? So the Bills got their quarterback, but it wasn't Ryan Nassib; it wasn't Geno Smith; and it wasn't Matt Barkley. As it turns out, it was Manuel who went first overall in the passing set, and maybe we should have seen that coming all along. After all, Manuel was the most read-option friendly quarterback in the draft, and that particular trend has been in the news a bit of late.
We don't know yet whether Buffalo plans to prioritize that part of Manuel's game, but those who said this year's draft wouldn't yield much on the read-option QB front, and that that kind of offense might be a quick-passing fad, perhaps spoke too soon.
? The Raiders, with needs everywhere but kicker, had to move out of the No. 3 spot, and they wisely did. Oakland maybe should have gotten a little more from Miami for moving down nine spots, from No. 3 to No. 12, but you could basically throw the draft trade chart out the window this year. This was not a typical draft.
Raiders general manager Reggie McKenzie correctly realized this year's talent pool was deeper than it was special at the top, and from that perspective he wanted to come away with at least two starters springing forth from that No. 3 draft slot. He got one at Miami's original No. 12 spot -- Houston cornerback D.J. Hayden -- and he'll hope to get another Friday night with the No. 42 pick in the second round.
It was good work by a team that has tons of it left to do on the personnel front.
? Did anybody come further faster in this draft season than Hayden, who went from being a near fatality on the Cougars' practice field last November to the 12th overall pick in this year's first round? There are medical concerns going into every draft, but Hayden's situation was so unique -- he nearly bled to death when a vein near his heart tore -- that the NFL didn't even know how to quantify his situation for most of the spring.
But once Hayden got a clean bill of health, the league started realizing he was a fairly unique talent as well: aggressive and hard-hitting, good in press coverage and capable of closing ground and making the receiver earn the reception. The Raiders loved him the more they studied him, to the point where Oakland was said to be seriously considering him at No. 3 if it didn't work out its trade with Miami.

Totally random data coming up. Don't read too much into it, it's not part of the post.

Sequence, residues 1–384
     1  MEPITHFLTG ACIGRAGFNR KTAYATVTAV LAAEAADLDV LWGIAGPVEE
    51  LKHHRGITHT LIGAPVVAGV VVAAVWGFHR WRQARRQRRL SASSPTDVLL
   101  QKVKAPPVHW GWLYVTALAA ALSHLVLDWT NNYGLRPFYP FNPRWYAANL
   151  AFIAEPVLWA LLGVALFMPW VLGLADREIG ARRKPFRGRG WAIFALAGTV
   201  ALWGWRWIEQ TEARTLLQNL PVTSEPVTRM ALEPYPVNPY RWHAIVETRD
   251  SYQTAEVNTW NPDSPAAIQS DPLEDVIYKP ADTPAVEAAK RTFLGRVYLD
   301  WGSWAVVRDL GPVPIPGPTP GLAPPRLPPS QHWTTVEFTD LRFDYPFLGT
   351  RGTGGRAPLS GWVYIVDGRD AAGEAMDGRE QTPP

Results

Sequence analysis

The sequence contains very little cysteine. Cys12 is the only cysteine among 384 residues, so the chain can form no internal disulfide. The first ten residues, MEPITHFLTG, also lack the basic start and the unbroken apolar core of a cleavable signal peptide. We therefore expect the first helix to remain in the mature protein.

? Break up the Vikings, who walked away with almost one tenth of the players selected in the first round, all in a span of seven picks. Working exclusively in the last third of the round, Minnesota filled major needs at defensive tackle (Florida's Sharrif Floyd at No. 23), cornerback (Florida State's Xavier Rhodes at No. 25), and receiver (Tennessee's Cordarelle Patterson at No. 29).
Floyd was the real steal. A lot of us mock drafters had him going third overall to Oakland, and the Vikings somehow got him an astounding 20 spots later, which has to rate as one of the three largest surprises of the night. Floyd gives Minnesota a natural replacement for defensive tackle Pat Williams, who is retiring. Rhodes upgrades the Vikings secondary, which lost veteran cornerback Antoine Winfield in free agency, and Patterson is a lightly experienced but talented big-play receiver who should combine with Greg Jennings to help offset the loss of Percy Harvin in the trade to Seattle.
The Vikings helped both sides of the ball with their big first round, and served notice they intend to repeat their playoff berth of 2012. Some of it was the good fortune that draft night can sometimes bring, but Minnesota was also prepared and ready for making its own luck. Rhodes was the player the Vikings got with Seattle's No. 25 pick, and Minnesota traded back into the bottom of the first round with No. 29 New England, securing Patterson when it saw the opportunity.